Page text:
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Home Feb – Mar 2018 Washington Vignettes

Feb – Mar 2018 Washington Vignettes

by admin

By Matthew Kangas

George Rodriguez, Lion Image Courtesy of Foster/White Gallery

GEORGE RODRIGUEZ Bainbridge Island Museum of Art, Bainbridge, Mar 10-Jun 3

For his solo museum debut, El Paso, Texas native George Rodriguez creates an installation based on his travels to 24 countries within nine months, funded by his University of Washington postgraduate Bonderman Fellowship. As a result, the Indigenous Chicano imagery of his childhood combines with ceramic riffs on Indonesian, Peruvian, Malaysian, Indian and Japanese devotional objects, which influence his devotional sanctuary of people, lions, dogs, and other objects associated with ecstatic ancient cults. He teaches art at North Seattle College.

Humaira Abid, Searching For Home, 2016. Photo: Adeel Ahmed

HUMAIRA ABID Bellevue Arts Museum, Bellevue, To Mar 25

For her solo museum debut, the Pakistani-born sculptor created Searching
for Home
to explore issues of displacement, refugee crises and women’s roles in times of catastrophe and wide geographical diaspora. With trompe l’œil carved wooden sculptures of suitcases, sneakers, birds, insects and animals, Abid’s installation moves the viewer from home to barrier to barbed wire and back, all symbolized by abbreviated accumulations of objects associated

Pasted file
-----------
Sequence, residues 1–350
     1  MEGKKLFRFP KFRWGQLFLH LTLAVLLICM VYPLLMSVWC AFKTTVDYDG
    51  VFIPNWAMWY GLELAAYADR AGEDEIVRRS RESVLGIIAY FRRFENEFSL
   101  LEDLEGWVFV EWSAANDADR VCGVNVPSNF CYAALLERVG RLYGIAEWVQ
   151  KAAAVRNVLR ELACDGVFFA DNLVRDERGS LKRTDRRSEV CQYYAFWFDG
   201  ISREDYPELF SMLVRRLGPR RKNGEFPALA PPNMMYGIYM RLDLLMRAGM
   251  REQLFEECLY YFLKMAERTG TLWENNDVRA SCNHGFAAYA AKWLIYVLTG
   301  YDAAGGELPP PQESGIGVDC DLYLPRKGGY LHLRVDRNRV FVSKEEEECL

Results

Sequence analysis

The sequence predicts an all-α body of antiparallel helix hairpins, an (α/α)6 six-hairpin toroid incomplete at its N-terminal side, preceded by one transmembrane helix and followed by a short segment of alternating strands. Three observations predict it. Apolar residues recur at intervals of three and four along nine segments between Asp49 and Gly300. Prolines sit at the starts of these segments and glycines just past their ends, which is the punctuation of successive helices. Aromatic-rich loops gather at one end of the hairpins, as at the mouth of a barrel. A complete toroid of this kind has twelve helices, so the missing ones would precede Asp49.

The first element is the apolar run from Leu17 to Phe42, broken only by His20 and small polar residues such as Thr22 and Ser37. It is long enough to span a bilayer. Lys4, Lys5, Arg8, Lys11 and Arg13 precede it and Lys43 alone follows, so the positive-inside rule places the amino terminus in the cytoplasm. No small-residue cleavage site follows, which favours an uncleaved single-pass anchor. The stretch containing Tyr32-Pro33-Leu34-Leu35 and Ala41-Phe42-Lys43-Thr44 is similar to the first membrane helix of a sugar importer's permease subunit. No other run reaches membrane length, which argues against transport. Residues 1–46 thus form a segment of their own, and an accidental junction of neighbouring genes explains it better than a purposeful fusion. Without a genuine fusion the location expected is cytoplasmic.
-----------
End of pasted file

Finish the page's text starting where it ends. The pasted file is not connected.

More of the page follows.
with coercive migration. A Seattle-area resident since 2008, Abid exhibits widely in Pakistan and India as well as Dubai, Kenya and Nepal.

Jacqueline Barnett, Affirmation, 2017. Image Courtesy of Gallery IMA. Photo: Joel Clarin

JACQUELINE BARNETT Gallery I M A, Seattle, Mar 3-31

Now 83, Barnett’s unceasing energy is the key to her inexhaustible store of imagery and revelatory gestures. Following her retrospective at Museum of Northwest Art, the New York-born figurative expressionist painter is extending her open-ended forms and recurrent imagery. Part of the Bay Area feminist renaissance in the 1970s, Barnett submerges the female figure by dispersing anatomical parts and attributes throughout a composition. A full-length monograph (by this author), Figure to Field, puts her continuous, yet cyclical, evolution in perspective.

Shirin Neshat Ghada, 2013. Image Courtesy of the Artist and Gladstone Gallery, New York & Brussels

Henry Art Gallery, University of Washington, Seattle, To Apr 22

The Henry has been most successful at attracting young wealthy techies with an interest in funding contemporary art programs and acquisitions. As a result, director Sylvia Wolf is displaying some of the riches of the past two decades. Director Emeritus Richard Andrews and ex-curator Elizabeth Brown secured accessions by Richard Long, Lorna Simpson and Shirin Neshat, among other sculptors, video and installation artists, many of whom have shown at the U of W museum, now in its 90th year.

Kathy Jones, My Companions, 2017. Image Courtesy of Patricia Rovzar Gallery

KATHY JONES Patricia Rovzar Gallery, Seattle, Mar 1-Apr 1

Part of the gallery’s 25th anniversary year celebration, Kathy Jones continues her exploration of anonymous figures in dark or brightly colored environments. Like Jacqueline Barnett, she studied printmaking and drawing at Stanford, where Manuel Neri and Frank Lobdell long prevailed. She also taught in Egypt. Jones’ paintings exude a dense, southern California tension between sunlight and shadow, metaphors perhaps for the relationships between the couples that inhabit these works.